The present disclosure relates generally to information handling systems (IHSs), and more particularly to remotely booting the IHS.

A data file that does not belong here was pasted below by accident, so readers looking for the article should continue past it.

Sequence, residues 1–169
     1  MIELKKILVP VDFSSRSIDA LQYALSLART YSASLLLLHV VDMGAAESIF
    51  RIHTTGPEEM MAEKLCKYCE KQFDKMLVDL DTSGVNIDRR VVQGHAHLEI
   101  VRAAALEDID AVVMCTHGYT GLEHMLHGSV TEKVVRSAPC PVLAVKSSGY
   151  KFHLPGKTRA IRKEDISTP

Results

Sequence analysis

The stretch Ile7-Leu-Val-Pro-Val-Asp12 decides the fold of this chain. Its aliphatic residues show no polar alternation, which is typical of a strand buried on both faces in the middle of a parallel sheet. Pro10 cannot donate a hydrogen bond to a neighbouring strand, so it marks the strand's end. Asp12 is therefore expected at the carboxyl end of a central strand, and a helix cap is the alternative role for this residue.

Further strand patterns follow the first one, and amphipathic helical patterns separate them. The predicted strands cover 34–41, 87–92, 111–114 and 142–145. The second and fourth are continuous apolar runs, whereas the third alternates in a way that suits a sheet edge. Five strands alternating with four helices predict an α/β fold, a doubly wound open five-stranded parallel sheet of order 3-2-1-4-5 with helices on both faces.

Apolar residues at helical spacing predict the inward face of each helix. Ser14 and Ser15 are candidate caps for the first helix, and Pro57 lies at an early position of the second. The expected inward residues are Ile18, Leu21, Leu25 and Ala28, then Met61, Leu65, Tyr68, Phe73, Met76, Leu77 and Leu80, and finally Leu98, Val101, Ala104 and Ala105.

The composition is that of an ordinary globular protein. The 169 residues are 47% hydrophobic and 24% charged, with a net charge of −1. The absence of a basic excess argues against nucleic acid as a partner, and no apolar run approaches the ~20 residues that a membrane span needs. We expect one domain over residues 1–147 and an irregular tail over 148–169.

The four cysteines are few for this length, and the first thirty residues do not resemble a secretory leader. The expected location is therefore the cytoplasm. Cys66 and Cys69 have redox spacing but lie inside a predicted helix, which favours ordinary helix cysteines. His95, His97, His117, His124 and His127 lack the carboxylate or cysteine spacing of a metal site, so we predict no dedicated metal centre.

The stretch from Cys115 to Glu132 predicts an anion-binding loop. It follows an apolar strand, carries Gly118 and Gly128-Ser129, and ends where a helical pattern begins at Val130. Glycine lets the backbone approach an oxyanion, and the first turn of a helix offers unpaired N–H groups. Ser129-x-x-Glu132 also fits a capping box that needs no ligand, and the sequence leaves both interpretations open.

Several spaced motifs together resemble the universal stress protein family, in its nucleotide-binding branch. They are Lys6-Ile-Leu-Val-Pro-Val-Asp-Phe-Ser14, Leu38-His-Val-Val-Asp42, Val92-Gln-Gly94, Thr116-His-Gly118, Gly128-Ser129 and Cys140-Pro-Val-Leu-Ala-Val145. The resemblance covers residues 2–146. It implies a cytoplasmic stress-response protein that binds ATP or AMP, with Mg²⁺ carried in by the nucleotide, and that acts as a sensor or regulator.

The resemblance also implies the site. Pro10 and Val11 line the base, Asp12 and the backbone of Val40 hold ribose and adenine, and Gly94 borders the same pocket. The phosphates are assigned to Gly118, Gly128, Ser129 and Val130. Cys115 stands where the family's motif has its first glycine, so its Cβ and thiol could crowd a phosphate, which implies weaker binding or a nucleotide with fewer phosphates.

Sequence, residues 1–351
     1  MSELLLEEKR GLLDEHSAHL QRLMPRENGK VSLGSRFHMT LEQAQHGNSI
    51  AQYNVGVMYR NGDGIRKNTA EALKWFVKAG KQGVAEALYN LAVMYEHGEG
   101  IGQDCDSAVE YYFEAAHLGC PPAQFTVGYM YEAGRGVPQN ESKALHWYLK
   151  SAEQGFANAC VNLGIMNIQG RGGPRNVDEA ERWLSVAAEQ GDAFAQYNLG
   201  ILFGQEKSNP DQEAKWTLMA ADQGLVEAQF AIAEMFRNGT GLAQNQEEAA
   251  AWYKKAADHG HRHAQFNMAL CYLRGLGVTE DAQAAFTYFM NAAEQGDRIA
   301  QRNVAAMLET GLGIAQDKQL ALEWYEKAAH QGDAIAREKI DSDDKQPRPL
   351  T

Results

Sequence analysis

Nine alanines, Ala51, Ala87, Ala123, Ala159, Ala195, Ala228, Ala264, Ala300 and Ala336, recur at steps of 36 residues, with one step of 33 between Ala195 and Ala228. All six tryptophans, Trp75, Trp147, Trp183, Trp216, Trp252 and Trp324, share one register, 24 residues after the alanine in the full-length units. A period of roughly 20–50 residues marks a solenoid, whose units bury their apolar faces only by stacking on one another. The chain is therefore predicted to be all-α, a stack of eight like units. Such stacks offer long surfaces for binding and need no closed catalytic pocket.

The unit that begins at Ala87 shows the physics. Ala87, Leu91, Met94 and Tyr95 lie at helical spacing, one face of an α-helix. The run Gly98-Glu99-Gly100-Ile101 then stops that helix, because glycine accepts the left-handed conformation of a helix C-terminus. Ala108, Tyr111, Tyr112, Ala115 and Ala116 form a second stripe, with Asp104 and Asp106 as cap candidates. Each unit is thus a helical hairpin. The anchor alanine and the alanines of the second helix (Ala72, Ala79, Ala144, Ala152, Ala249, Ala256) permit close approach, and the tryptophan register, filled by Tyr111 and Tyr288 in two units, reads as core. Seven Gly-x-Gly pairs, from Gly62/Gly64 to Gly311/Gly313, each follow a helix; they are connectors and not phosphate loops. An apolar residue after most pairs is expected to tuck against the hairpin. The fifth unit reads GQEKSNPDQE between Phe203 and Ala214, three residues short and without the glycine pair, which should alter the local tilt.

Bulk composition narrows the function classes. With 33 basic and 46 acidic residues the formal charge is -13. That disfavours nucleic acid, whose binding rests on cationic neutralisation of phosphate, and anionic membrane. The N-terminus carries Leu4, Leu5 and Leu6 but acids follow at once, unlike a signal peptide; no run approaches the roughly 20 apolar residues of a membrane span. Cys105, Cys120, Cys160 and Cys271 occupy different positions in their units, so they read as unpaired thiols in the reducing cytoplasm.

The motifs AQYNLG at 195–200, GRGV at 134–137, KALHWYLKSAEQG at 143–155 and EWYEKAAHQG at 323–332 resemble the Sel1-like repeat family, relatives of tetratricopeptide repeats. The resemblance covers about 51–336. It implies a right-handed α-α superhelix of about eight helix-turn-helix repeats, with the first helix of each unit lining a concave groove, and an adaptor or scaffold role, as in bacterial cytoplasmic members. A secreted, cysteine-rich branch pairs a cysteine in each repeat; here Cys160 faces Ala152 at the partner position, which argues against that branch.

As the value and use of information continues to increase, individuals and businesses seek additional ways to process and store information. One option is an information handling system (IHS). An IHS generally processes, compiles, stores, and/or communicates information or data for business, personal, or other purposes. Because technology and information handling needs and requirements may vary between different applications, IHSs may also vary regarding what information is handled, how the information is handled, how much information is processed, stored, or communicated, and how quickly and efficiently the information may be processed, stored, or communicated. The variations in IHSs allow for IHSs to be general or configured for a specific user or specific use such as financial transaction processing, airline reservations, enterprise data storage, or global communications. In addition, IHSs may include a variety of hardware and software components that may be configured to process, store, and communicate information and may include one or more computer systems, data storage systems, and networking systems.